I will be testifying tomorrow before the House Judiciary Committee’s Subcommittee on Courts and Competition Policy on competition in the digital marketplace. My testimony won’t be surprising to readers of this blog–in fact some of it was lifted directly from blog posts that have appeared here. Also on the panel are Richard Feinstein from the FTC, Edward Black from CCIA, Morgan Reed from ACT, Scott Cleland from Precursor LLP and Mark Cooper from the Consumer Federation of America.
For some reason the links to written testimony on the House website don’t seem to be working, but my testimony is available here.
A taste for those who prefer not to devour the whole thing:
In brief, given the link between innovation and economic growth, the stakes of “getting it right” are high. Caution and humility are warranted in light of both the historical hostility towards innovative business practices by competition policy as well as the large gaps of empirically-validated theory in the economic literature on competition and innovation. The traditional problem of identifying and distinguishing pro-competitive from anticompetitive conduct faced by enforcers and courts in all antitrust cases is a difficult one. But those difficulties are exacerbated in innovative industries.
Both product and business innovations involve novel practices, and such practices generally result in monopoly explanations from the economics profession followed by hostility from the courts (though sometimes in reverse order) and then a subsequent, more nuanced economic understanding of the business practice usually recognizing its pro-competitive virtues. This sequence and outcome is exactly what one might expect in a world where economists’ career incentives skew in favor of generating models that demonstrate inefficiencies and debunk the economics status quo, while defendants engaged in business practices that have evolved over time through trial and error have a difficult time articulating a justification that fits one of a court’s checklist of acceptable answers. In the words of Nobel economist Ronald Coase,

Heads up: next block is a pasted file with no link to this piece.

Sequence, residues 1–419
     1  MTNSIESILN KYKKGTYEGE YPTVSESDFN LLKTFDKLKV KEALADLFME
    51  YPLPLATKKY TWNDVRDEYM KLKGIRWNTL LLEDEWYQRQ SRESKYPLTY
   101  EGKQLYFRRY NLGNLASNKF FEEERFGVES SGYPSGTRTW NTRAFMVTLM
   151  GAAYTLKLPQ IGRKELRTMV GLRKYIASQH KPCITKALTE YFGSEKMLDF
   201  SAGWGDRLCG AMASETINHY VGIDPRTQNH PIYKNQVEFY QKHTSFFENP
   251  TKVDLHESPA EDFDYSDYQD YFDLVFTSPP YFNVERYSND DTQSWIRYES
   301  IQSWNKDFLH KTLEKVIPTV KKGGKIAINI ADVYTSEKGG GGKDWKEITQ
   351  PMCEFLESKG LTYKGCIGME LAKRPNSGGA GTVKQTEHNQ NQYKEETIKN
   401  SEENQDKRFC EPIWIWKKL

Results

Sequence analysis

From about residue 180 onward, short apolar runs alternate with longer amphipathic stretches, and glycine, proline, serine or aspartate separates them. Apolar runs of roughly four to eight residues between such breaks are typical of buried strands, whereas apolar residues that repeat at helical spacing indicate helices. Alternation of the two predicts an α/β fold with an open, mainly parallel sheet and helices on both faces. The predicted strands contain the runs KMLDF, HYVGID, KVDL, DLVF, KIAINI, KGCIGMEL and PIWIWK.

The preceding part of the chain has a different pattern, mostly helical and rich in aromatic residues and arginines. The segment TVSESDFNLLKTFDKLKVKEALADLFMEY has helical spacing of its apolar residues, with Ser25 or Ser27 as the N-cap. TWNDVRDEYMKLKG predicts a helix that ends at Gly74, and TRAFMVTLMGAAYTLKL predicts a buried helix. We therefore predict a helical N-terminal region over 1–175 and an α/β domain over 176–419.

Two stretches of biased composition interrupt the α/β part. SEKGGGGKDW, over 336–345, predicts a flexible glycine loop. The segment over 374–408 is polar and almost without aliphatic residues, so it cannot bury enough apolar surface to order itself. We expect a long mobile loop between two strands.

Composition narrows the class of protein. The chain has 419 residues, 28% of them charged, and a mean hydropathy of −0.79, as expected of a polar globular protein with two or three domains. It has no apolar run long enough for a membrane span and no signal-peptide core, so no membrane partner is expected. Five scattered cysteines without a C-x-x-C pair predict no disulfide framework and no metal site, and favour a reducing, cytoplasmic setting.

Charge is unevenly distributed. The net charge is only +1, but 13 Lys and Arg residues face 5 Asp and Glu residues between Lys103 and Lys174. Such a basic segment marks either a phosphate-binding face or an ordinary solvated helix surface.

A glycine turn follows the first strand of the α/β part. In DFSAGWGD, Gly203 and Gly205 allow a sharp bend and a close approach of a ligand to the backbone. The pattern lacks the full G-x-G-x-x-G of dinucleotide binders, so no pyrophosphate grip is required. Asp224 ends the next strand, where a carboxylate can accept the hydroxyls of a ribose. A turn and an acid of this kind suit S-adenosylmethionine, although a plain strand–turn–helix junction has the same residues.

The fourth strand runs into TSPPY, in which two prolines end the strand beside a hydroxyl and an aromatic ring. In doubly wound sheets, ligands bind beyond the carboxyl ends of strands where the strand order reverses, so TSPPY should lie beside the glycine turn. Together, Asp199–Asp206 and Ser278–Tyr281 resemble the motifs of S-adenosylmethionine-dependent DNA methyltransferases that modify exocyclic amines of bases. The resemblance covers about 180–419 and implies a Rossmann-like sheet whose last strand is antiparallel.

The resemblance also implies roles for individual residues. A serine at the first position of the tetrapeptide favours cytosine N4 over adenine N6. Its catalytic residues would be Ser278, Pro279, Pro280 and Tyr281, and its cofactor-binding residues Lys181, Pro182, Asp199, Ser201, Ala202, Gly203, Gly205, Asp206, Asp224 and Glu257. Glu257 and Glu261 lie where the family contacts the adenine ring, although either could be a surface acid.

[i]f an economist finds something—a business practice of one sort or another—that he does not understand, he looks for a monopoly explanation. And as in this field we are rather ignorant, the number of un-understandable practices tends to be rather large, and the reliance on monopoly explanations frequent.”
From an error-cost perspective, the critical point is that antitrust scrutiny of innovation and innovative business practices is likely to be biased in the direction of assigning higher likelihood that a given practice is anticompetitive than the subsequent literature and evidence will ultimately suggest is reasonable or accurate.
I look forward to mixing it up again with Scott Cleland. Last time we met it was over similar issues (specifically revolving around Google), and the audio of that event is available here.
Some lessons are worth repeating, Paolo. The history of antitrust enforcement from start to finish suggest the lesson Coase’s observation is one of them.
Great, Coase’s quote again, that’s something innovative…